I am always impressed by Paul Krugman. But this morning he went beyond impressive, in summing up the cosmic flaw of the Republican party in his op-ed The Cult of Selfishness Is Killing America:
Many on the right are enraged at any suggestion that their actions should take other people’s welfare into account.
And of course, wearing a mask makes a statement that the wearer is taking other people’s welfare into account. Can’t have that now, can we? Each against all, y’know.
This attitude has actually been part of the national mythology for generations: the frontiersman, the lone cowboy, O’Henry’s poor lad pulling himself up by his own bootstraps, the self-made man. Donald Trump claiming he started out with “only” a million-dollar loan. Ayn Rand’s The Virtue of Selfishness — if she believed in hell, she should be there now for that book alone.
But under the modern GOP — the whole modern GOP — this country has taken selfish irresponsibility to a new extreme.
Indeed, it sometimes seems as if right-wingers actually make a point of behaving irresponsibly. Remember how Senator Rand Paul, who was worried that he might have Covid-19 (he did), wandered around the Senate and even used the gym while waiting for his test results?
Anger at any suggestion of social responsibility also helps explain the looming fiscal catastrophe. It’s striking how emotional many Republicans get in their opposition to the temporary rise in unemployment benefits; for example, Senator Lindsey Graham declared that these benefits would be extended “over our dead bodies.” Why such hatred?
Republicans have been attacked the safety net for generations, fighting the idea that being a member of society means accepting certain responsibilities for the society as a whole. I’ve had some on the right tell me there’s no such thing as “society.”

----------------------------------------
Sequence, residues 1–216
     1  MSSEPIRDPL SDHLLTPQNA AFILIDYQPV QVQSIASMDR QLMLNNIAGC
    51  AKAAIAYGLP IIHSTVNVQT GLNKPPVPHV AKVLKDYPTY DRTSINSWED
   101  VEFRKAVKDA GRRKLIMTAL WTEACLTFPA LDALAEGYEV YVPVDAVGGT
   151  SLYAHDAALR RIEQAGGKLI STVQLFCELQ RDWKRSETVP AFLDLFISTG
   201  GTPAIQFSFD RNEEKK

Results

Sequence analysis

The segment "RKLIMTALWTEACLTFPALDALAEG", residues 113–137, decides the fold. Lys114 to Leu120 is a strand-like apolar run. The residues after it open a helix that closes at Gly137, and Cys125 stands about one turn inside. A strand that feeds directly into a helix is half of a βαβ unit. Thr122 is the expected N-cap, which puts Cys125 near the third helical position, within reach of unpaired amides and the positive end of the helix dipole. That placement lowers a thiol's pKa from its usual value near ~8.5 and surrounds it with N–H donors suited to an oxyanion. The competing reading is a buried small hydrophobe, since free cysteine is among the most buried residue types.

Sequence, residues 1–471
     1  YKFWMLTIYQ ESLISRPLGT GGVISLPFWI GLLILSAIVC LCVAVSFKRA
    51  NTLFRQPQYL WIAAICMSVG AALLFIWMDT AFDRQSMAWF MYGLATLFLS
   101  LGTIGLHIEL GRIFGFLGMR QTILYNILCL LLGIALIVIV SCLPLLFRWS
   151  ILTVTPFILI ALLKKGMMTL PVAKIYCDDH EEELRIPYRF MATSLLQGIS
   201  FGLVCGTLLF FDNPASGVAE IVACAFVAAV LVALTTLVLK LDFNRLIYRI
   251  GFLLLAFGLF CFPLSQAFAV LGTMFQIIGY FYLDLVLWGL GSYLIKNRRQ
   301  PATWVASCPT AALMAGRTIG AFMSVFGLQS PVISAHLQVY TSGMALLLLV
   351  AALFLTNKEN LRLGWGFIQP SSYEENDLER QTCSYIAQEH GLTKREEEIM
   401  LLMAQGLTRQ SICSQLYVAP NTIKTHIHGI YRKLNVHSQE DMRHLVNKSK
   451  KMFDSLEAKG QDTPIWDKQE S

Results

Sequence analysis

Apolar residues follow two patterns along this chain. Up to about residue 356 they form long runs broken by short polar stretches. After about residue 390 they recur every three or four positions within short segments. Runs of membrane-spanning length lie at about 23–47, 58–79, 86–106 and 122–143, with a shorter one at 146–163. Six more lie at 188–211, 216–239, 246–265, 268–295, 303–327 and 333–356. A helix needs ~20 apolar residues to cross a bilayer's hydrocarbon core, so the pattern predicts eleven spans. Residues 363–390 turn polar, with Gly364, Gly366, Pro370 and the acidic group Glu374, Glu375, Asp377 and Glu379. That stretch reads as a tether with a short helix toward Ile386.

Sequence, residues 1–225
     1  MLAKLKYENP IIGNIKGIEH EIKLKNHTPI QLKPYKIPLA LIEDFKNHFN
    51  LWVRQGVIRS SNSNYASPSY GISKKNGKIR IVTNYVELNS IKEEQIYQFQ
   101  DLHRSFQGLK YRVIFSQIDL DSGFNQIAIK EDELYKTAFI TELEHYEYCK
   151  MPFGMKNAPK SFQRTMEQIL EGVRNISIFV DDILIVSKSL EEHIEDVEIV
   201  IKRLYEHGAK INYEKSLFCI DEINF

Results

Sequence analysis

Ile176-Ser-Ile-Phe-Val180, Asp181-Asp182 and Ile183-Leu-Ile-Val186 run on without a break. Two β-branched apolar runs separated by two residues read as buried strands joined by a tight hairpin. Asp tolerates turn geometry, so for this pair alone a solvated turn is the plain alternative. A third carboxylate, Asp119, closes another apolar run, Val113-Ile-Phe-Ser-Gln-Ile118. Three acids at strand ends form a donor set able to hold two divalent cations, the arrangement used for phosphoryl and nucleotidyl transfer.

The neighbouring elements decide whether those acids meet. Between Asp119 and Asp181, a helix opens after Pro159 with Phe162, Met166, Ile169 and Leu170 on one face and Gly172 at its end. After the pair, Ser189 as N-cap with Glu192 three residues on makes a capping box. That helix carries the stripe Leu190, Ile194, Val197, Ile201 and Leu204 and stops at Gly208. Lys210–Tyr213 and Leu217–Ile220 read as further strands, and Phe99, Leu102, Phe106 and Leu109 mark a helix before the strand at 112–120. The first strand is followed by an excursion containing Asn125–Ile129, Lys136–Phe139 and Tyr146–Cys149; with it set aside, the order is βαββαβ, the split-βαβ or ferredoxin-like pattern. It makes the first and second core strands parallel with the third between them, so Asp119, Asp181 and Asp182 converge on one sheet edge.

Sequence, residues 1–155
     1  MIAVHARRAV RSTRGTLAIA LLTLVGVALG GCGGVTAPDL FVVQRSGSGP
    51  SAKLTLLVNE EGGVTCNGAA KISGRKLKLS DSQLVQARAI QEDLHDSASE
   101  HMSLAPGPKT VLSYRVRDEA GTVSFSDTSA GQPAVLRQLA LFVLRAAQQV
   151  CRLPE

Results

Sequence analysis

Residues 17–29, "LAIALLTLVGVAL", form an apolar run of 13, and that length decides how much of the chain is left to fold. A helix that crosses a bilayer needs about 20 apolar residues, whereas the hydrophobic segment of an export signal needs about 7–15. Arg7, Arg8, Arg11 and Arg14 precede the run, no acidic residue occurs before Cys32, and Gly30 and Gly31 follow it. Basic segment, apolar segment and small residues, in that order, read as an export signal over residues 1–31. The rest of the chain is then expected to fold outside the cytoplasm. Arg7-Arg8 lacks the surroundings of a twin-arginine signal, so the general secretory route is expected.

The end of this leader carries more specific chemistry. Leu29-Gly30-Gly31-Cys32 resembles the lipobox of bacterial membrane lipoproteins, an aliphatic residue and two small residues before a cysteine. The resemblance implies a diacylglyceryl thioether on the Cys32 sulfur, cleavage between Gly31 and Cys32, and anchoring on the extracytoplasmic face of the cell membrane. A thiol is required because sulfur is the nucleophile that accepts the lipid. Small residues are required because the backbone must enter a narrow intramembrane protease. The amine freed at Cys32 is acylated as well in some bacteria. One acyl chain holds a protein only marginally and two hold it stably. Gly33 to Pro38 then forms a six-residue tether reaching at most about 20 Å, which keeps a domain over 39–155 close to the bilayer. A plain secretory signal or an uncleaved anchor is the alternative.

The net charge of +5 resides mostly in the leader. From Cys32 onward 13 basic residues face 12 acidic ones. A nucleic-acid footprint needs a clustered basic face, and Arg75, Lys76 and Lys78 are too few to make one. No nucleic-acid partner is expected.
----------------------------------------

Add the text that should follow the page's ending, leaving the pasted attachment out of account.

This explains the Republicans’ — not just Trump’s — refusal to do anything substantive about the coronavirus. (Well, yes, there are other reasons as well.) Admitting that we have to enforce mask wearing for everyone’s protection, that we have to help out the poor and the unemployed so that the country’s economy will recover, all of that means admitting that we have to take other people’s welfare into account.
Just to be clear, I’m not saying that Republicans are selfish. We’d be doing much better if that were all there were to it. The point, instead, is that they’ve sacralized selfishness, hurting their own political prospects by insisting on the right to act selfishly even when it hurts others.
What the coronavirus has revealed is the power of America’s cult of selfishness. And this cult is killing us. [emphasis added]
If we win this election, that will be the start of repudiating sacralized selfishness. No wonder Trump and the GOP are trying so hard to steal it.